FROM 1789 until 1793, when she died in the embrace of Madame Guillotine, Marie Antoinette poured out her pleas for help, and finally her goodbyes, in letters penned on a delicate writing table.
Today this small treasure stands in the newly installed galleries of 18th-century decorative arts in the National Gallery of Art's remodeled ground floor.
The new galleries are important not only because these magnificent objects once again can be seen properly, but because they mark a new attention, if only a small one, by the National Gallery to decorative arts, acknowledged before only by polite nods in passing.
The desk, along with 17 other pieces of French furniture, the 176 brilliant polychromes of the Chinese porcelain collection, the nine medieval tapestries, the few pieces of late-Renaissance jewelry, the carved-rock crystal, the great Chalice of the Abbot Suger of St. Denis and four or five other works of church art, have been in hiding since 1972 when the Widener galleries were usurped for offices.
Not much is known about the objects, though research now is under way for a complete catalogue. For some years, the Widener gift of decorative arts was almost an embarrassment to the Gallery.
"We were patterned after the National Gallery in London, specializing in painting," explained J. Carter Brown, gallery director.
Brown admits that the only reason the trustees accepted the Widener decorative arts was because Joseph Widener wouldn't give his Rembrandt, Vermeer, Raphael, Titian and Bellini paintings unless the whole bequest was accepted.
"It's too late in the day to try to be all things to all people," Brown said.
The Marie Antoinette table is the only piece in the 18th-century French furniture galleries about which much is known.
Scholarship on French decorative arts is difficult because so many of the pieces were smuggled out of the country during the Revolution, leaving their provenance behind them.
The table is ornamented with capering cupids on ormolu plaques. Its small drawer is only large enough for the finest quill pen, its pull-out writing surface too fragile for any but the most gentle touch.
Not until the 1950s when Pierre Verlet, an authority on French royal furniture, happened to be in the gallery and looked at the palace inventory number underneath the piece, was the history of the table learned.
Another gem, a small writing and dressing table, is by the German-born Jean-Franc,ois Oeben (1720-1763), Louis XV's first cabinetmaker, and the teacher of Leleu, Carlin and Riesener, his successors.
The figurative marquetry on the table is a form of painting with wood, showing several delicately inlaid musical instruments and flowers. They seem too beautiful to be written on.
A clue to the table's ownership is found on top sections that fold back to reveal the much more assertively designed marquetry pictures of two fish, tied with ribbons. It is thought that the table was made for Oeben's patron, Madame de Pompadour, and that the comic fish were a private joke because she was nee' Poisson.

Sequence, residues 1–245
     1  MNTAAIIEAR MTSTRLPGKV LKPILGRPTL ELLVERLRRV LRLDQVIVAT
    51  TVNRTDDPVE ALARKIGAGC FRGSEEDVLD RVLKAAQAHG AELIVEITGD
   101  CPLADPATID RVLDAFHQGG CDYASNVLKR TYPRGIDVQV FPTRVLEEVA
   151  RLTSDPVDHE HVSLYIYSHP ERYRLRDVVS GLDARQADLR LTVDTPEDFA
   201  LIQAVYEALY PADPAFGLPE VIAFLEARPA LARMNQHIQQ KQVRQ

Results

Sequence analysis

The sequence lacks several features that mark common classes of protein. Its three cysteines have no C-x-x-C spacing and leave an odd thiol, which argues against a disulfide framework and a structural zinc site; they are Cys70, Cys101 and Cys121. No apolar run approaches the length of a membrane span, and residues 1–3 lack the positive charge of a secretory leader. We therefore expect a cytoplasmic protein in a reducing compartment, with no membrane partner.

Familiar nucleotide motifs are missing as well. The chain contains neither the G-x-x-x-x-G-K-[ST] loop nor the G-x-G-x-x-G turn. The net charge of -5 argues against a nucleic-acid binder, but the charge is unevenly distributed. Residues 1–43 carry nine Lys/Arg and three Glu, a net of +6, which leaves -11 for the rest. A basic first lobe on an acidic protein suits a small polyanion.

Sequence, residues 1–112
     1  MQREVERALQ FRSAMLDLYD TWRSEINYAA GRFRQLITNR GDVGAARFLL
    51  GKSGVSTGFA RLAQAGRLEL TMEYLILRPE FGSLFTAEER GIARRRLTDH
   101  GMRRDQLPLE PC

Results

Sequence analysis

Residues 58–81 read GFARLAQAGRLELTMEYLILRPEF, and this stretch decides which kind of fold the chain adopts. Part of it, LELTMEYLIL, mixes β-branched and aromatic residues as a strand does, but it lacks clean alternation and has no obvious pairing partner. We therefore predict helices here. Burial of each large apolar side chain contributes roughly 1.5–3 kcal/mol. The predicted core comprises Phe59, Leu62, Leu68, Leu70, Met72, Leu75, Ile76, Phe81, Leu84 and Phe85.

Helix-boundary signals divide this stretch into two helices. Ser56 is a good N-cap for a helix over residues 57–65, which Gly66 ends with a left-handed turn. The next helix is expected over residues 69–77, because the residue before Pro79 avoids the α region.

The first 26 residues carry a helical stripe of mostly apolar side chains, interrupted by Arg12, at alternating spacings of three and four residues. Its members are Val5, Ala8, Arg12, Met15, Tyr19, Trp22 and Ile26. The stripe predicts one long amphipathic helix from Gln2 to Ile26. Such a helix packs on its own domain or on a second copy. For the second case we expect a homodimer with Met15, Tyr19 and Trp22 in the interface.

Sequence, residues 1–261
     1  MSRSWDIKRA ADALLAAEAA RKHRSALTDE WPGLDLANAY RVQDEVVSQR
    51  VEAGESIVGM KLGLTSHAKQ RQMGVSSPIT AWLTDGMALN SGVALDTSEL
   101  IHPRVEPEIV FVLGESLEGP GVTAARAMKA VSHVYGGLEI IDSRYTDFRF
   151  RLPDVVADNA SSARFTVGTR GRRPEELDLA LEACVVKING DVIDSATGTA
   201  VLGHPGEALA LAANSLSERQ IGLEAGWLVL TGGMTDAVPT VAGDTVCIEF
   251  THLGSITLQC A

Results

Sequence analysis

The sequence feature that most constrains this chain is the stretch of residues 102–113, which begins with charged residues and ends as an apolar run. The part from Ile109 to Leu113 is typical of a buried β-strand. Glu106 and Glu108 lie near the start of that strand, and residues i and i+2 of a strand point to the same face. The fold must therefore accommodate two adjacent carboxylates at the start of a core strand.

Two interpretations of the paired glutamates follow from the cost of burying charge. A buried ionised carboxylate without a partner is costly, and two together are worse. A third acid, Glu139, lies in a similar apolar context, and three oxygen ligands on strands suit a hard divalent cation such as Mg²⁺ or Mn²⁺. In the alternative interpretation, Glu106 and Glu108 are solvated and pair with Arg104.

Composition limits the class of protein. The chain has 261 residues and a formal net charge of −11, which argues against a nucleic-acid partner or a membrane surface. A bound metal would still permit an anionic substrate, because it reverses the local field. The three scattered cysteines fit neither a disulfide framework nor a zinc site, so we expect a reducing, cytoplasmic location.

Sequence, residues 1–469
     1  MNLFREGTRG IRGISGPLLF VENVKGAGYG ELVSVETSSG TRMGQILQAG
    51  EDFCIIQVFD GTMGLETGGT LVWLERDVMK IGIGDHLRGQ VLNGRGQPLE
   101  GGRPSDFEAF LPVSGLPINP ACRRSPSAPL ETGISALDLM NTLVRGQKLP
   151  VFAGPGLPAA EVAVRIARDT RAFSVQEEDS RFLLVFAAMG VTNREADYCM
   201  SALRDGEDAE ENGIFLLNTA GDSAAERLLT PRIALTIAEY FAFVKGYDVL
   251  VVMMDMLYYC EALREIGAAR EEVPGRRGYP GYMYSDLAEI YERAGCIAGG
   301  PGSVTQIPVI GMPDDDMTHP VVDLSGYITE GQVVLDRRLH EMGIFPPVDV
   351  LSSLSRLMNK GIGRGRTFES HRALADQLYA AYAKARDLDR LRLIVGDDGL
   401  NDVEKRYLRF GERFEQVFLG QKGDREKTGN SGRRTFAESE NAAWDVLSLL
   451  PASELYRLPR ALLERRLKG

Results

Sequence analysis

In line with the National Gallery's emphasis, Brown notes, the furniture is presented not as period pieces but individually, as works of art, as were the objects in the charming American furniture exhibit a few years back. William Williams, acting curator of decorative arts, worked with architect Dean Knott to design the new rooms.
Only the center room has elaborate French 18th century paneling, overdoor paintings and a handsome marble fireplace with a pictorial fireback of Orpheus and Eurydice.
Though the 18th-century paneling came to the gallery in a natural wood finish, it has been painted white, accented by gold leaf, in response to current scholarship.
The nine tapestries, dating from 1440 to the early 1500s, are presented in a great stone-walled hall with a magnificent fireplace at one end. Sculpture curator Douglas Lewis just has discovered it carries the coat of arms of the Barbo family of Venice. The 11-by-13 foot "Triumph of Christ," worked at 22 warps to the inch and commissioned by Cardinal Mazarin Tapestry, is remarkable for the intricacy of its goldwork.
Two of the smaller galleries have the feel of jewel boxes. The small alcove of church art centers around the amazing Chalice of the Abbot Suger of State Denis, circa 1140. Marie Antoinette was the last queen of France at her coronation to drink from the chalice with its colored jewels and pearls. The other small jewel case holds bijoux made for the Renaissance courts.
The Chinese porcelains include the huge Ch'ing chrysanthemum jars topped with Buddhist lions, circa 1700, and green Ch'ing jars in the Kuan shape. Fierce lions and a duck on a lotus leaf are great bursts of color in what are called "foreign ware," ornamented in the European manner. The oxblood vases ("bleeding drops of blood," as Williams put it), the crackleware, the celadons and the blues in the Chinese taste are especially strong.
Decorative arts have a very great appeal, perhaps because they are objects of everyday life, no matter how grand. They are meant to be touched, used, picked up, fondled. As Brown once put it, "They pass the most important test--they make you want to take them home."